Soccer Royalty: The Nigerian picked her third African Women's Footballer of the Year award at the 2017 CAF Awards with Liverpool and Egypt's Mohamed Salah (R) taking the men's award.
List of Honors a. extends from The record for equalizing four African Women’s Footballer of the Year titles, two more Africa Cup of Nations victories and two FIFA Women’s World Cup appearances.

Those achievements underpin her status as the continent’s most decorated female footballer in history.

“It’s amazing,” Oshoala says, pausing, pausing at the enormity of her accomplishments.

“I never dreamed of becoming a professional soccer player […] And seeing as where I am today, I mean, I’m just really happy for what I’ve done for myself so far.

“The feeling of always wanting more, the feeling of not giving up is something that pushes me a lot.”

line in the sand

Perhaps, however, the two most important events on the pitch for Oshoala have happened in the past two years with the Catalan giant.

In 2019, she became the first African to play and eventually scored in what was to be Losing the Women’s Champions League final to Lyon.

She talks of it being a proud moment, but an equally painful one.

In May, however, redemption came.

History maker: Oshoala celebrates as Barcelona crush Chelsea 4-0 to win Women's Champions League
Entered the history books by becoming the first African of 26 years Win European football’s most prestigious title Like when Barcelona beat Chelsea 4-0.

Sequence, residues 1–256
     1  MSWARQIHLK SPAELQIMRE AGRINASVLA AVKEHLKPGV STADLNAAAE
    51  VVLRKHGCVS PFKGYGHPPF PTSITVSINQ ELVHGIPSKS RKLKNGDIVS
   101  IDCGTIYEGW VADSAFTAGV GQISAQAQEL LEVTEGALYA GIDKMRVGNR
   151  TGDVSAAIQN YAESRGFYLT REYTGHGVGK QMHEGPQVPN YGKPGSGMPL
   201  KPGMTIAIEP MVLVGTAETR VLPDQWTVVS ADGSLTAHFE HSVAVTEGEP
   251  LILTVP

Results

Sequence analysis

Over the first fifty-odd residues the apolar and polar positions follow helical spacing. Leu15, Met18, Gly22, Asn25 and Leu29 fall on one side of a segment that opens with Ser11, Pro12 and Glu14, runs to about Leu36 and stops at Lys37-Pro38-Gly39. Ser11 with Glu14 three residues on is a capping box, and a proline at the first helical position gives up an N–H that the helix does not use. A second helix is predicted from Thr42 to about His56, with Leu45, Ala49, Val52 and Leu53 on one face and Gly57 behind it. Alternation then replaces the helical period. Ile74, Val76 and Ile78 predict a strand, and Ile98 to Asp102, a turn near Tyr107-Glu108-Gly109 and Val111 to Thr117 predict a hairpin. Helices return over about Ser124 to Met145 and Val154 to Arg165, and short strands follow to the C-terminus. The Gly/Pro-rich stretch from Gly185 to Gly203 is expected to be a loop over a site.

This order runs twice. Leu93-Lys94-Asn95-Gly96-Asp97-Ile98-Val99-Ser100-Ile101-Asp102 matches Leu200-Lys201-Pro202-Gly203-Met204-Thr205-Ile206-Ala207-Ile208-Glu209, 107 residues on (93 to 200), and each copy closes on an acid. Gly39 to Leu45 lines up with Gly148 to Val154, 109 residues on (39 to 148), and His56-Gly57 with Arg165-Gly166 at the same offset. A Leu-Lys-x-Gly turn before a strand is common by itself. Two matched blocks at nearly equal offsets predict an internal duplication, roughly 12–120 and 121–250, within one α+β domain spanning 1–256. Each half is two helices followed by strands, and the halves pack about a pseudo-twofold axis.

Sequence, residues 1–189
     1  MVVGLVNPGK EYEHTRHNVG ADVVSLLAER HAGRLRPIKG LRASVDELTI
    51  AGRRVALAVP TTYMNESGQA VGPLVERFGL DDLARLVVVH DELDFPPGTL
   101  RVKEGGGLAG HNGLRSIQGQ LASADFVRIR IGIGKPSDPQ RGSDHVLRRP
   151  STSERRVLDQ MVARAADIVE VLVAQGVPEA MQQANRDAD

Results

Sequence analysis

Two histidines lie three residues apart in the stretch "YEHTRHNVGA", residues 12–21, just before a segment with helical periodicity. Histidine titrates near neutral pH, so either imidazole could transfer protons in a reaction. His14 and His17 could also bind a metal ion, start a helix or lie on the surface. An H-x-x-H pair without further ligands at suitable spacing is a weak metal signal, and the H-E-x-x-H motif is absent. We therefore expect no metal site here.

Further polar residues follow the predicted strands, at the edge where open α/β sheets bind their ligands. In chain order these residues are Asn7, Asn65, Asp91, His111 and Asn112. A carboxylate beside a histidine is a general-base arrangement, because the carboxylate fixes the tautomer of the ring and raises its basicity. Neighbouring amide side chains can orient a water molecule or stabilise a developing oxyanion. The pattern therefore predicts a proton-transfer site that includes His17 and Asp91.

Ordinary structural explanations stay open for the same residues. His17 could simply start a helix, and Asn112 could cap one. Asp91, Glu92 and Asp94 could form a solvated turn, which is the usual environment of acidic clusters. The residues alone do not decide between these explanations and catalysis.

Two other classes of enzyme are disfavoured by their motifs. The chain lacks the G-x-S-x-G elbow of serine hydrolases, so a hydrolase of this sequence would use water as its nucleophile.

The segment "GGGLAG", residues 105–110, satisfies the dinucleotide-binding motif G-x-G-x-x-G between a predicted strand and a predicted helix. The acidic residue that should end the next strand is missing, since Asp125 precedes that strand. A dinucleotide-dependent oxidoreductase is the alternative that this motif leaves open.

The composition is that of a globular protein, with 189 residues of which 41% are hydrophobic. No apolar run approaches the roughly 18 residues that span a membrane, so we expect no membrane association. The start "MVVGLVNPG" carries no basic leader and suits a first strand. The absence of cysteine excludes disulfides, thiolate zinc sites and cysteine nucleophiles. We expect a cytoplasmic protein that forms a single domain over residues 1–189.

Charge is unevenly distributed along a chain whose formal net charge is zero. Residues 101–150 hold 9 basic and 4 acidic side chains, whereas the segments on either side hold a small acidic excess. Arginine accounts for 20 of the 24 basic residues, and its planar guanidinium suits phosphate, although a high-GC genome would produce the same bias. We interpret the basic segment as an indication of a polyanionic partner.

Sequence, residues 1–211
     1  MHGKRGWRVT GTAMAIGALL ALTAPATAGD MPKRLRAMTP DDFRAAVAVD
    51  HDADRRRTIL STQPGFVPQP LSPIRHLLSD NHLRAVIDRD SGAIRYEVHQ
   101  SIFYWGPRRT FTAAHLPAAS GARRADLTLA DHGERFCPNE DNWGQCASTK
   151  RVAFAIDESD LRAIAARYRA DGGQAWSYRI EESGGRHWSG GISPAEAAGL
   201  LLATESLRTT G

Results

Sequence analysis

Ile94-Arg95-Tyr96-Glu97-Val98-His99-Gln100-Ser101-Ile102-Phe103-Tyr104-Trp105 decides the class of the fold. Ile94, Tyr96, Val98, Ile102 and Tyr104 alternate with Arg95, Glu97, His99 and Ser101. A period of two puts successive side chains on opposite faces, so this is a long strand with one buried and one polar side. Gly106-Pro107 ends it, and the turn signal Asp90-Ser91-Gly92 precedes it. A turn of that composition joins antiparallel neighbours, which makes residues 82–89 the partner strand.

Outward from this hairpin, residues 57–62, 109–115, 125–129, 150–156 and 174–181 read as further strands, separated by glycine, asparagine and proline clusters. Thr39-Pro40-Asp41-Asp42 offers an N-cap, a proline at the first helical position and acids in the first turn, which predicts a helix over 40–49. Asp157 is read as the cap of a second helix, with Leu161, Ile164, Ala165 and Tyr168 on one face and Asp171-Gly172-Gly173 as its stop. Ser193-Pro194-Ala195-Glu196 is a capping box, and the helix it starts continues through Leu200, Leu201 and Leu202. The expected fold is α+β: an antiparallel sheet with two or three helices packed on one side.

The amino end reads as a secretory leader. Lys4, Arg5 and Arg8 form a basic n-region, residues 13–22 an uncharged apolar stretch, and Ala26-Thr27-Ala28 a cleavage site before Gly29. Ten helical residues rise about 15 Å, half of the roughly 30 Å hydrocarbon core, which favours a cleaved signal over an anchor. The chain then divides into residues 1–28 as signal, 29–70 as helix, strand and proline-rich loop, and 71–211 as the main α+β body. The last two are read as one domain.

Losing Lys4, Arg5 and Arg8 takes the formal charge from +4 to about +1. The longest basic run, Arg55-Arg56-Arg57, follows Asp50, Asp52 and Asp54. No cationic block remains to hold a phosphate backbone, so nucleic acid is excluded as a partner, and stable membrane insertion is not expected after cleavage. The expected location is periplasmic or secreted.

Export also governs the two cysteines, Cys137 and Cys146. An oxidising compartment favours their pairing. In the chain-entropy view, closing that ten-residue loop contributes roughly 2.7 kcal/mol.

“When you have a single goal, it’s easier to achieve big things. Those who lost together won together — that’s important,” Oshoala says.

The pace continues at a steady pace and shows little sign of slowing down.

This season, Barcelona is A remarkable seven goals average in a game in the league, with Oshoala bettering one goal in each game – a clear sign of intent as the side prepares to defend their much-anticipated crown.

Can Barcelona now follow in Lyon’s footsteps to become Europe’s new powerhouse?

“Barcelona can just be Barcelona!” Oshoala responded emphatically.

“We have a goal we want to achieve, which we already started last year: we won the triple. It’s unbelievable!”

‘People want something new’

It is this blueprint of betterment, courage and confidence that Oshoala now aspires to pass on to a new generation of girls – one that envisions football and education coexistence.

The vehicle of change is its foundation in Nigeria.

“Sometimes I just sit on the sidelines and just start smiling. I see them happy and I’m happy to see people’s dreams really come to life – they’re looking to the future.

“He is looking at the possibility of becoming a professional football player.

“I’m really jealous […] Because they have everything!”

As she reflects on her career, Oshoala also has a word of warning for the men’s game.

“The next five, 10, 15 years, it’s going to be all about women’s football because the men’s game … it’s like they’ve got everything already.

“Now you can see the fights. They want the Super League, they want this … They’re trying to see what they can bring in right now because they’ve already done everything.

“There’s money, there’s TV right, there’s everything.

“Now whatever you do with the women’s sport, it’s new, it’s new, it’s new. And people want to see something new.”

Is faith real or based on hope?

“Women’s football is going to be big,” Oshola confirmed.

“Of course you’re going to have some men’s players and women’s players on the same level plus minus […] It is very doable. believe me.”

You don’t want to bet against it.